Preliminary FCAT writing scores for Florida’s 4th, 8th and 10th graders have plummeted to record and unexpected lows. The grades on the high-stakes Florida Comprehensive Assessment Test are preliminary, with no district-by-district details yet. But they reflect a tougher FCAT test instituted this year. If reading and math tests results follow the same trend, those results will have with vast implications on student graduation or promotion rates, school grades, teacher evaluations and merit pay, and state school finances. Writing scores already factor into some of these criteria.
According to the Florida Department of Education, just 27 percent of 4th graders passed the writing FCAT this year, down from 81 percent last year. Just 33 percent of 8th graders passed, down from 82 percent, and 38 percent of 10th graders passed, down from 80 percent.
“We all knew that the standards were going to increase how students are being scored this year,” Shawn Schmidli, Flagler County schools’ assessment coordinator, said Monday afternoon. “I don’t know if anybody expected the numbers to change this dramatically.”
The FCAT is scored on a scale of 1 to 6. A passing grade until last year was 3.5. That was raised to 4 this year. So were the writing standards, which, by the state Board of Education’s admission, had been too lax. Under the new standards, students were to be graded more rigorously on “the correct use of standard English conventions and the quality of details provided as support,” in the state board’s words. “Both of these elements had in the past been scored with leniency.” In other words, the new standards were designed to be a better reflection of correct English usage, with more attention to punctuation, style and the use of evidence–basic writing tenets that in the past had not been applied as rigorously, essentially inflating students’ scores while perhaps deceiving them, and their schools, about their aptitude.
“My gut reaction is that there is something drastically wrong with the test,” Flagler County School Board member Collen Conklin said. “Our kids don’t suddenly not know how to write a sentence and our teachers don’t suddenly don’t know how to teach overnight, and if this doesn’t scream the need for everyone to stop this testing madness and reassess what everyone is doing, I’m not sure if we ever will.” Conklin disputes the notion that the standards weren’t rigorous already–not, she says, when kindergarteners are expected to finish the year ready to write three sentences in proper English. “So I’m not entirely sure if the issue is the standard or not. And if it is, then we have a bigger issue on our hand. But the fact of the matter is you can;t go overnight, change all the rules of the game, and not have concern.”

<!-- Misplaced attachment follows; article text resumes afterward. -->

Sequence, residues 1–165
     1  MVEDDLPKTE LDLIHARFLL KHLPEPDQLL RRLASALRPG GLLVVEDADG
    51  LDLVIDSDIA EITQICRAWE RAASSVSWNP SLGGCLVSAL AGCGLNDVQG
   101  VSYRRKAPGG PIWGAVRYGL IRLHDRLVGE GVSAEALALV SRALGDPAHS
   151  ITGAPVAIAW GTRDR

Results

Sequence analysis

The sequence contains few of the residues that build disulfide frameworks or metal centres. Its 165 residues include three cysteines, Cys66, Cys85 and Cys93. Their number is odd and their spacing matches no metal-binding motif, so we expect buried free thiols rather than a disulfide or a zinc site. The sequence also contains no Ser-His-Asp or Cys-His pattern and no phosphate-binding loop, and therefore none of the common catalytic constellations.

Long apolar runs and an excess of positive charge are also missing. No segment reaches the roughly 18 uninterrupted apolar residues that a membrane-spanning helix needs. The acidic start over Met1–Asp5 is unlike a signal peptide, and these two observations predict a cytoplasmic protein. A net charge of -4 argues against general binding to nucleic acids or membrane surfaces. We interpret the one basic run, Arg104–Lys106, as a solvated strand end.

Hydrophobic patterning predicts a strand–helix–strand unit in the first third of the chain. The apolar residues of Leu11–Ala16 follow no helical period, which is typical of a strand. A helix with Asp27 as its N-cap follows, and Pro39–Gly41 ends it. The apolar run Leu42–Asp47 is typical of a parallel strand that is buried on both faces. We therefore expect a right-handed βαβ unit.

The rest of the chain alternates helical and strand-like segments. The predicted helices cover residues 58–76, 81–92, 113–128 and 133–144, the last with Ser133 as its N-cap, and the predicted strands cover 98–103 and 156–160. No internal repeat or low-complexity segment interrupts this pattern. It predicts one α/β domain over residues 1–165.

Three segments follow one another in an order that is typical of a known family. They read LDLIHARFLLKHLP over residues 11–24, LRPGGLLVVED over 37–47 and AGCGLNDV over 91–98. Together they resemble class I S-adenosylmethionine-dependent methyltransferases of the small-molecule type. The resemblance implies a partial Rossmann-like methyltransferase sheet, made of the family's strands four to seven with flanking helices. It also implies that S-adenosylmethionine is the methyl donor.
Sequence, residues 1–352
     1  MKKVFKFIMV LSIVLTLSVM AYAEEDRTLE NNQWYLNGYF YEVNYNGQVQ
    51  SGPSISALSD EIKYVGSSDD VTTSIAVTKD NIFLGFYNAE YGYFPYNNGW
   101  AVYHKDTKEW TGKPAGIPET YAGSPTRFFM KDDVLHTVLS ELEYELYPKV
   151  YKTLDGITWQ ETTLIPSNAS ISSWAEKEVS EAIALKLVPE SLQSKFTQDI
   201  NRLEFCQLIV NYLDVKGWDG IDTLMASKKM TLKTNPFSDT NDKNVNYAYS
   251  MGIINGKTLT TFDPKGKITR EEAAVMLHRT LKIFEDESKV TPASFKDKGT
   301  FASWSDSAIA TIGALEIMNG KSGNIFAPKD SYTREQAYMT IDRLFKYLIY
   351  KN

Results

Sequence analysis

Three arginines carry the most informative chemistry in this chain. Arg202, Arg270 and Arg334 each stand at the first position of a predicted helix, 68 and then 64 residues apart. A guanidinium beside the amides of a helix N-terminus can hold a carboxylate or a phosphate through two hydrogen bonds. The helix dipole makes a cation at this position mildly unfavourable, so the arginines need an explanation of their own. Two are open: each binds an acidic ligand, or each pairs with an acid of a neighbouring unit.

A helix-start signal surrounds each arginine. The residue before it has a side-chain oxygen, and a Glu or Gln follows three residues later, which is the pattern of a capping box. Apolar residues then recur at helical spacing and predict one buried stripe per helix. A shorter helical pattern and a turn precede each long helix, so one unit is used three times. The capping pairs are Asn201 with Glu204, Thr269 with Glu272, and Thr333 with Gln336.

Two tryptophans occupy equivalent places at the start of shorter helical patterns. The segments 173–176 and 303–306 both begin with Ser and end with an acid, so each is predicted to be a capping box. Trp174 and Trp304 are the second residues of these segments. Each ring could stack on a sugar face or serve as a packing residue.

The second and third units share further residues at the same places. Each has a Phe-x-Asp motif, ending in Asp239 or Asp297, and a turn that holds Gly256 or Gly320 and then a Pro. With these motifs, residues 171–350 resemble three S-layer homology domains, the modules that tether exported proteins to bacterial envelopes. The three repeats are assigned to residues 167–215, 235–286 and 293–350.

Panicked by Monday’s results, the Florida Board of Education called an emergency meeting with its members by phone at 10:30 a.m. Tuesday, specifically to address the scores’ impact on school grades. (You can listen to the call at no charge by dialing 1 (866) 304-6786, Conference ID #81596641). “Based on preliminary results of the 2012 writing assessment,” the state board wrote in preparation of the emergency meeting, “applying the 4.0 threshold in addition to the heightened scoring rules may have unforeseen adverse impacts upon school grades, warranting emergency review by the State Board of Education.”
One of the proposals the board will consider on Tuesday: lowering the passing grade (which educator lingo defines as the “cut score”) again from 4 to 3.5. A much higher number of students would then have passing grades, but still a far smaller number than in 2011. In 2012, 48 percent of 4th graders passed with a 3.5 or above–still almost half the passing rate of the previous year. Among 8th graders, 52 percent passed with a 3.5 or better, and among 10th graders, 38 percent passed.
Conklin commended the state board for taking swift action. “That to me says they realize as well how out of whack this truly is,” she said, though she cautioned: a task force had produced some 35 recommendations on how to improve the FCAT. The board adopted only three to five of those recommendations.
For the first time this year, teachers’ merit pay is in part based on FCAT scores. Teachers who get unsatisfactory ratings two years in a row may be fired. The state’s and county teacher unions are likely to cite the new batch of FCAT scores as one more reason why the overly complicated formula behind teacher evaluations is flawed.
“There have been a lot of parents over the years who have been unhappy with the assessments,” Mark Pudlow, a spokesman for the Florida Education Association, the teachers union, told the News Service of Florida. “Hopefully this will give us a real opportunity to see how we should evaluate students and evaluate teachers”
Conklin concludes: “While I think it’s alarming everybody needs to take a deep breath including myself, and we need to truly assess the situation and find out what’s happening, because at the end of the day we need to figure out how this is going to affect students and teachers, because now you’re talking about tying compensation to test scores.”